“My Hands To Learn”: Many Mumford Meanings At The Mother Church
March 7, 2012 · Print This Article
The religious implications of Ryman Auditorium gigs have long-been established, and since Mumford & Sons has essentially billed their three-night stint this early March as a kind of homecoming dance or spiritual residency, we came to our pews in the Mother Church of Americana prepared for a sonic baptism.
The first night of this “threefer” will fast fade into history, and I expect many assessments will point to a sad collision of a young celebrity’s nerves and the high expectations wrought from the band’s first visit to Music City’s Hallowed Hall. Folks might say that there was something a little “off” about this show, off for the simple facts that Marcus forgot his lyrics and fudged not one, but two, songs, and almost botched a third. But during the closing “Cave,” the lead singer begged the crowd to sing along, suggesting that if he fell to his fears we would fill his ears. And we did make a beautiful choir, coming together to belt out our part for an epic crescendo.
From my arrival at this beloved pop temple for the umpteenth time, I noticed something “off,” too, but it wasn’t even show time yet. There was no beer line. But the merch line wove around the balcony lobby like a snake. I confess I’m so jaded by people getting stupid-juiced at shows, that seeing only moderate drinkers, plenty of little kids, other middle-aged people and teetotalers like myself, and rarely anyone intoxicated—this was an added blessing to coming to church on a Tuesday night.
Opening act Agigail Washburn—a curly-haired banjo player with an angel’s voice—did something else “off”: she went off-mic for a truly acoustic version of her traditional closing number “Bright Morning Stars.” Later, the Mumfords would follow suit, taking at least two numbers to the front-of-stage for quiet, truly unplugged renditions. During the last of these—I think it was “Sigh No More”—some fans couldn’t help singing along, but they did so at such a respectful volume that it only added to the majesty of what Marcus and crew were doing on stage.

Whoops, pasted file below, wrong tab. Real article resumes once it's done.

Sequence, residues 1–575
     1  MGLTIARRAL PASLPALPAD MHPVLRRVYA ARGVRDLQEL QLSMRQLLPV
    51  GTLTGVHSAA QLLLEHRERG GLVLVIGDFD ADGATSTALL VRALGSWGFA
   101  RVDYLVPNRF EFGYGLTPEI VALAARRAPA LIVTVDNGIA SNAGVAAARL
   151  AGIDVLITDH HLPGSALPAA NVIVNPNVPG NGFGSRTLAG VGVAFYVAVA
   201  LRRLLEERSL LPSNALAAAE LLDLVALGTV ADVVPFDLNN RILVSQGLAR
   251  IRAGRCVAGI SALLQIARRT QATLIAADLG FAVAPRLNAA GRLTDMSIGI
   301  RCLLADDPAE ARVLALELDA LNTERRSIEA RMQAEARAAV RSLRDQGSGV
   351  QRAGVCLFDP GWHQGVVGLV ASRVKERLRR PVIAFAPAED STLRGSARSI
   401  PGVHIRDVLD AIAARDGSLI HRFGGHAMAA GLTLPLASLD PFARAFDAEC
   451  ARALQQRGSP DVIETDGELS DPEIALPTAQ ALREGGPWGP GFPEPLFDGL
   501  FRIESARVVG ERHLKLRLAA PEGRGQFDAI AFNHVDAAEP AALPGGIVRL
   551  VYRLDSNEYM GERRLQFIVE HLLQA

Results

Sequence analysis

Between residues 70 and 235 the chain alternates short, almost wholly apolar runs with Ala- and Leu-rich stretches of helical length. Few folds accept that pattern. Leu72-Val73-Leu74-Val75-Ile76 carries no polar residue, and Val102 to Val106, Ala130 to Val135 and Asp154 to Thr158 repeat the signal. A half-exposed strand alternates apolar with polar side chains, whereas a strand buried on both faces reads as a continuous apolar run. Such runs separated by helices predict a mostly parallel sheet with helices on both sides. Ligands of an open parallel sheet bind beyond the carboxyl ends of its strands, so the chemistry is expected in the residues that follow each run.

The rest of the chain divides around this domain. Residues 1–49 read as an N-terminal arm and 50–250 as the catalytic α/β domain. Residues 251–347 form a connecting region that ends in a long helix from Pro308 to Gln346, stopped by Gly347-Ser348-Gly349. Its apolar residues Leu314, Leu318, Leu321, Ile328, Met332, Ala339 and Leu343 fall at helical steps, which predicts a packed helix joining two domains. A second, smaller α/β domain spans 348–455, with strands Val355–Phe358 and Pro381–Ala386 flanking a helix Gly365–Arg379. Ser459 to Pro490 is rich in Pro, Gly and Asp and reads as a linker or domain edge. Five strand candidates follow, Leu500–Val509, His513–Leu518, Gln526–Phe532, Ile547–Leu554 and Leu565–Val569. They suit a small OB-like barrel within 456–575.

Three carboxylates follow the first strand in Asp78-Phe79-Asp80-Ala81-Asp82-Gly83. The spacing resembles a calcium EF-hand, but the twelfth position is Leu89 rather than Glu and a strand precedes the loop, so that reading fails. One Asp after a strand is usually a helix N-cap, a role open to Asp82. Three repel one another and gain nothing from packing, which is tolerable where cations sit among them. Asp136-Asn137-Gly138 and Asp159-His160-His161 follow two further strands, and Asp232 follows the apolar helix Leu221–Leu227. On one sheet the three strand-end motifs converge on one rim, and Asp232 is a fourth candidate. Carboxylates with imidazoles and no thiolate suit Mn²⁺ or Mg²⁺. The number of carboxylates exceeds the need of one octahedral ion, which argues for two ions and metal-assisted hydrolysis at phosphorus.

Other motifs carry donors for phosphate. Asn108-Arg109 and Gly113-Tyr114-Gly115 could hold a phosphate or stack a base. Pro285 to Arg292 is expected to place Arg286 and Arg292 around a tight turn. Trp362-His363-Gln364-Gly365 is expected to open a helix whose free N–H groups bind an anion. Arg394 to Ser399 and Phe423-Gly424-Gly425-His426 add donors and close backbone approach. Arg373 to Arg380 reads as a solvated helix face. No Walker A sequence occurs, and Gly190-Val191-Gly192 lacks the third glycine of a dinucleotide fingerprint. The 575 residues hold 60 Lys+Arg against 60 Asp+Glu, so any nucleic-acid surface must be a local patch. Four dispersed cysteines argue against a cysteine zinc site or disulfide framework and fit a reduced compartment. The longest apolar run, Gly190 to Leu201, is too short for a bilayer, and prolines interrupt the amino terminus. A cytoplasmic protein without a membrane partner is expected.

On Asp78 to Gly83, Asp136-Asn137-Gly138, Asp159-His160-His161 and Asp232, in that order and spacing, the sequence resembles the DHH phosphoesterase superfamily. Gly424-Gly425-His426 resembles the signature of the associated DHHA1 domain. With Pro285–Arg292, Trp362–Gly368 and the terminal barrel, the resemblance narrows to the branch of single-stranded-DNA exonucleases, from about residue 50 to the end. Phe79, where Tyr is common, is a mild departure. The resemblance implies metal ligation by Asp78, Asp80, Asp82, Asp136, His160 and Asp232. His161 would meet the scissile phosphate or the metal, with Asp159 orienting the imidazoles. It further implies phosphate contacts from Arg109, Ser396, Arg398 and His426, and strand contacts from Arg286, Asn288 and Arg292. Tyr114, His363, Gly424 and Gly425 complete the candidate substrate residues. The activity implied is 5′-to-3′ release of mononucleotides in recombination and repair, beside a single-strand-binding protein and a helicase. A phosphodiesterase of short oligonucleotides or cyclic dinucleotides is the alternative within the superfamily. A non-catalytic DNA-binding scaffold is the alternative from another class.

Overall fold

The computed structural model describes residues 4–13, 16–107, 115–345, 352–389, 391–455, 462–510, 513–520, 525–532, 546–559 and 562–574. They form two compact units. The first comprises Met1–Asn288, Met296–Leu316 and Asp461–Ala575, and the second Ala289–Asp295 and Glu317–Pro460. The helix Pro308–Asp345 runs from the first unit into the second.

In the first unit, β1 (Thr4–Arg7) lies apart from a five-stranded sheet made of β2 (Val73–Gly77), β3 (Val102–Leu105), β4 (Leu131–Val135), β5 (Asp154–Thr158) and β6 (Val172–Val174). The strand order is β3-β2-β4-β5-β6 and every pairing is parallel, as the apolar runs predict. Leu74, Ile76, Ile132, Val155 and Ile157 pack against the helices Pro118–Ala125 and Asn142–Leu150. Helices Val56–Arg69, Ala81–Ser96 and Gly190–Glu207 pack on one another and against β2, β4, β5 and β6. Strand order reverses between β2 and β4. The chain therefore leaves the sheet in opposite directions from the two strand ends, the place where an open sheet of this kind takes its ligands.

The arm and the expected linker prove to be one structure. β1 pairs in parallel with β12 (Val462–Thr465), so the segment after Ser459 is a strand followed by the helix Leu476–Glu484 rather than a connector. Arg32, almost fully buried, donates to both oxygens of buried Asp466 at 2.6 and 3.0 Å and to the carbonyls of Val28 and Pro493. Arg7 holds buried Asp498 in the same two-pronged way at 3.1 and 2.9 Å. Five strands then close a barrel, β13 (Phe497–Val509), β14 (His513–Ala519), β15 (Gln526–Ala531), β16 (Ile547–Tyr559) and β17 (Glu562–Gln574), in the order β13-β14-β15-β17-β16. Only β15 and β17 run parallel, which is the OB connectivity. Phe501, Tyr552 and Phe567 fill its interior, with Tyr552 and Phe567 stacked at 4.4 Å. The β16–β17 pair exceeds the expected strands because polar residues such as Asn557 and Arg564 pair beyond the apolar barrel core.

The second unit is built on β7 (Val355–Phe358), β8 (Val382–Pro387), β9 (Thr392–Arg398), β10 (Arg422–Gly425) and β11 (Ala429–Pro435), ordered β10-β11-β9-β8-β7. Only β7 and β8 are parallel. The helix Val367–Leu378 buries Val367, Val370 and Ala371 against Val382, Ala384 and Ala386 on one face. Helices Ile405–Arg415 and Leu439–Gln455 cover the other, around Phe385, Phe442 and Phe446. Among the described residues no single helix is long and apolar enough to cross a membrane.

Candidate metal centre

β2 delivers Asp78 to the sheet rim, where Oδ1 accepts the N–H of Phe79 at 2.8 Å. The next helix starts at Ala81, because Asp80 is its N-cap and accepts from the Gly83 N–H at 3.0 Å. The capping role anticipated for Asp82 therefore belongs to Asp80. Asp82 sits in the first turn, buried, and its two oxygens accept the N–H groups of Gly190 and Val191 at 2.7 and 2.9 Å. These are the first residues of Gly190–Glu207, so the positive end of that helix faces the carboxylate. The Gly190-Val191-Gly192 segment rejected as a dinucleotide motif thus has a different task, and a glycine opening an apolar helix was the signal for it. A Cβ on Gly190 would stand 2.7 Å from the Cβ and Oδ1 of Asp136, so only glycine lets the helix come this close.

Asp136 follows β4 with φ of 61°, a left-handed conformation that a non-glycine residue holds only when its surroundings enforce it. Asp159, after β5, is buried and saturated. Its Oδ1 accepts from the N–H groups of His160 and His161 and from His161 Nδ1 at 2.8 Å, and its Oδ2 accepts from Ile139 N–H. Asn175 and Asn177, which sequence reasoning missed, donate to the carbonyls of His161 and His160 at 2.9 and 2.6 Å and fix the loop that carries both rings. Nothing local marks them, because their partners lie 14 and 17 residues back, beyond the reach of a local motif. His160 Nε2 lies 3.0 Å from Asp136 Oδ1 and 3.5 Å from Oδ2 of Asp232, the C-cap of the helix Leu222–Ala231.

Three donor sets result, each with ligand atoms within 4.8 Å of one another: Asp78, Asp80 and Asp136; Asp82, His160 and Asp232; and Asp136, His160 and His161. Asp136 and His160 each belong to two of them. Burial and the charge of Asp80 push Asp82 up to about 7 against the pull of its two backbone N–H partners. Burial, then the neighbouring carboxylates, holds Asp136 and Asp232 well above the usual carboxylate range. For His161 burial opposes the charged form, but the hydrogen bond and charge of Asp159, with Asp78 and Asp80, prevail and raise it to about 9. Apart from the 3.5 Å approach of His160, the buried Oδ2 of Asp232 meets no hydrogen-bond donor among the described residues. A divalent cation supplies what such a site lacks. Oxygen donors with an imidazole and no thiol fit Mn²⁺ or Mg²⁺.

Joined by renowned dobro player Jerry Douglas, the band covered Simon & Garfunkel’s “The Boxer” before a rip-roaring “Awake My Soul.” As heartfelt-hopeful and gut-soothing sacred as the familiar tracks were, the cover and the newer songs really owned the night for me. Marcus Mumford’s fast evolution into rock god hangs on the hinge of his humility and humanity—he’s more of a “Wretched Man” (as one of his pre-Sons demos was dubbed) than a holy man.
Flubs and flaws aside, we still fly to new heights with artists who keep us on the ground. The lyrics to “Below My Feet” illustrate this well: “Keep the earth below my feet/For all my sweat, my blood runs weak/Let me learn from where I have been/Keep my eyes to serve/My hands to learn.”
How refreshing to rock out with this new folk revival that rests its reputation on remaining in reality. I don’t think Marcus Mumford was having a meltdown of the medical or medicinal nature, and he certainly wasn’t having a tantrum as some stars have been prone to throw. He was just nervous to be sharing the stage that some of his heroes still haunt. And he asked us to help him get through it. And we did.
The son of evangelical church leaders, Marcus wears his religious influences on the white, rolled-up sleeves of his lyrics. Fame might hold a dangerous “spell,” as “Below My Feet” suggests, but “But I was told by Jesus/All was well/So all must be well.” For Mumford fans in middle Tennessee this week, all certainly is well! –Andrew William Smith, Editor
(Photo of Hatch prints from Mumfords/Ryman websites; instagram photos from beckbeck & jessicadeshae.)